Sadly, just as I didn’t predict, the mass market has not latched onto virtual reality. I really thought people would love it, but, like 3D TV and film, it just didn’t break through – or hasn’t yet. Nevertheless, Mark Zuckerberg, who paid $2bn for Oculus in 2014, remains positive. “This is going to be a big year for VR,” Zuck said in April. I, if not quite so positive, remain evangelical. If anything can lift VR’s fortunes it is surely Oculus’s next generation of the cable‑free Oculus Go that I was wowed by a year ago. The new Oculus Quest is sensational. The day I set it up, I lost four hours just marvelling at it. Skydiving in France; walking, seemingly on air, above Cairo; playing addictive games; I found that 2pm somehow became 6pm.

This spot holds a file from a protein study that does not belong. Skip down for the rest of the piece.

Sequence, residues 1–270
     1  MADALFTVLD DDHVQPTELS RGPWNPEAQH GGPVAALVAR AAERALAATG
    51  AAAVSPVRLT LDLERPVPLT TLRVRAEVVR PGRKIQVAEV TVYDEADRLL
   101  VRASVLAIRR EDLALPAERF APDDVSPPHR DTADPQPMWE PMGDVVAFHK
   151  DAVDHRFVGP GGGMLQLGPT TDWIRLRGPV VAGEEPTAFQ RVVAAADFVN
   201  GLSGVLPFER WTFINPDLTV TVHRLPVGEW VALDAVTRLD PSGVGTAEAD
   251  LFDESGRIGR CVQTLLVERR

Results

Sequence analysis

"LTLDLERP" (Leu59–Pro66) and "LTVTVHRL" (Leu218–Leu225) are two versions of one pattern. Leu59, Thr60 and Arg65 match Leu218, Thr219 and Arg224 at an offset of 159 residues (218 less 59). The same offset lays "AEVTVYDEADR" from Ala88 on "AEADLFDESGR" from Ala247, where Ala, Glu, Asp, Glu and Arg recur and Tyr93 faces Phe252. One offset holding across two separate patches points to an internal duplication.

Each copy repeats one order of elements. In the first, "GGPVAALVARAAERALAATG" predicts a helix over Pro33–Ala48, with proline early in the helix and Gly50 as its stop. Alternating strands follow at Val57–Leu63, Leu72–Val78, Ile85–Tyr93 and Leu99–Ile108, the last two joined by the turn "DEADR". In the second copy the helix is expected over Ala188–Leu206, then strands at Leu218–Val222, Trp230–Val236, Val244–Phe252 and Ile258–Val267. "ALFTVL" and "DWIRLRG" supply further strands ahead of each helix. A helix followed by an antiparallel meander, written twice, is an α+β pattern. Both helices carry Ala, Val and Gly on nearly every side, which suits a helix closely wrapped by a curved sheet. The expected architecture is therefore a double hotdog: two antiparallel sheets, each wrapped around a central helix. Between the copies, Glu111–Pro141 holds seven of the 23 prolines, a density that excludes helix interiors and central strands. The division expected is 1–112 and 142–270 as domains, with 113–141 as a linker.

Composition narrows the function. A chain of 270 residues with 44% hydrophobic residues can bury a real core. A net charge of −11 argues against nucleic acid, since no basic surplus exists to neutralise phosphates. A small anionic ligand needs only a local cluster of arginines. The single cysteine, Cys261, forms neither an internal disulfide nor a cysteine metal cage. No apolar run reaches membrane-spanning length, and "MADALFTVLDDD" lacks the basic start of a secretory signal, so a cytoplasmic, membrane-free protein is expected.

Oculus Quest is wireless, like the Go, but that had only one hand controller, whereas Quest has two, and with seemingly zero latency: move your hand in the real world and your virtual hand twitches at exactly the same time. The engineering to create that in a VR setup with no powerful gaming computer awkwardly wired up to it is impressive. The Quest acknowledges that the stuff we hoped would be on VR – amazingly realistic news reports, for example – hasn’t quite materialised. Instead, it has gone flat out on gaming and “experiences”. Perfect for a bit of ultra-escapism at the end of a day at the grindstone.